Le Chatelier's principle

Le Chatelier's principle

Le Chatelier's principle, announced in 1888 by the French chemist Henry Louis Le Chatelier (1850–1936), states that if a system in a state of chemical equilibrium is disturbed, the system tends to neutralize the disturbance and restore the equilibrium. It is especially applicable to reversible processes in chemistry.


For example, if volumes of hydrogen gas and iodine vapor are mixed the compound hydrogen iodide is formed:


    H2 + I2 → 2HI


However, there is always a two-way reaction taking place. While molecules of hydrogen and iodine are joining up to create molecules of hydrogen iodide, molecules of hydrogen iodide are dissociating to form hydrogen and iodine. The proportions of hydrogen, iodine, and hydrogen iodide finally reached in the reaction (i.e., at equilibrium) can be changed by altering the temperature or gas pressure, or the concentration of any of the three reagents. It is possible to predict the way these factors alter the final proportions reached – which is of great use in an industrial chemical reaction – using Le Chatelier's principle.


Consider how this principle can be applied in the case of the reversible formation of ammonia from nitrogen and hydrogen (see Haber process). Four molecules (one of nitrogen, three of hydrogen) combine to make two of ammonia. Furthermore, heat is given out in this reaction:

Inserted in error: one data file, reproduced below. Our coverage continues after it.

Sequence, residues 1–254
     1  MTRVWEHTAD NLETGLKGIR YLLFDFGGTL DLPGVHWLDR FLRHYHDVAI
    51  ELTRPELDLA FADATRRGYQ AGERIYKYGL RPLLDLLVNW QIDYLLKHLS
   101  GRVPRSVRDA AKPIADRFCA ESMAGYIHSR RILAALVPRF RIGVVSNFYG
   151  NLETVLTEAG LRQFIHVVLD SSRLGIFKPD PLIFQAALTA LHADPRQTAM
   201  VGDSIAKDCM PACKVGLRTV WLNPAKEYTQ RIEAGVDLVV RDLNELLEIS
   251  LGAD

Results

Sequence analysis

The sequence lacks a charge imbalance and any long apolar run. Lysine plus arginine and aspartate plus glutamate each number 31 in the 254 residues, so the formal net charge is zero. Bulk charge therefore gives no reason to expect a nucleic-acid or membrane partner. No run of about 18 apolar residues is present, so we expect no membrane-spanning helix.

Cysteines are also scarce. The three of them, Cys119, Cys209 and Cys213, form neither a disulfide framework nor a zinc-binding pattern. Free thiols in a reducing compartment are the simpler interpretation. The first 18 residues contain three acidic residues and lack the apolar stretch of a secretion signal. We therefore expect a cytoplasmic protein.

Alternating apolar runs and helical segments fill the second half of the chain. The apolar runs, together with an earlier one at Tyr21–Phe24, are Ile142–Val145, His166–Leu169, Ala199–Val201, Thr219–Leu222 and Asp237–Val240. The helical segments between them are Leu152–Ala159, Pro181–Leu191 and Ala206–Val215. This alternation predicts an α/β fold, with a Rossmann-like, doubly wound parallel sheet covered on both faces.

N2 + 3H2 ⇌ 2NH3 + heat


What is the effect on this reaction of changing the pressure? When ammonia is formed, there is a reduction in the number of gas molecules, and the gas pressure is reduced. So, according to Le Chatelier's principle, an increase in external gas pressure will be counteracted by an increase in the number of ammonia molecules formed because this will counteract the effect of the increasing gas pressure. Increase in gas pressure therefore increases ammonia yield.


The yield is affected by a change in temperature, too. According to Le Chatelier, a reduced temperature should increase ammonia yield because the reaction will proceed in such a way as to give off more heat, to counteract the drop in temperature. This is accompanied by an increase in ammonia formation.


But there is a complication here, because although the final proportion of ammonia present is increased the drop in temperature reduces the rate of the reaction, so the result takes longer to be achieved.


For this reason, the temperature in the industrial production of ammonia is not kept much below 500°C.


Lastly, the change in concentration of the reagent has an effect on the final equilibrium yield. If, for example, nitrogen is added, Le Chatelier's principle tells us that the reaction proceeds "left to right" to counteract this, so more ammonia is formed. The same thing applies if more nitrogen is added, or ammonia removed.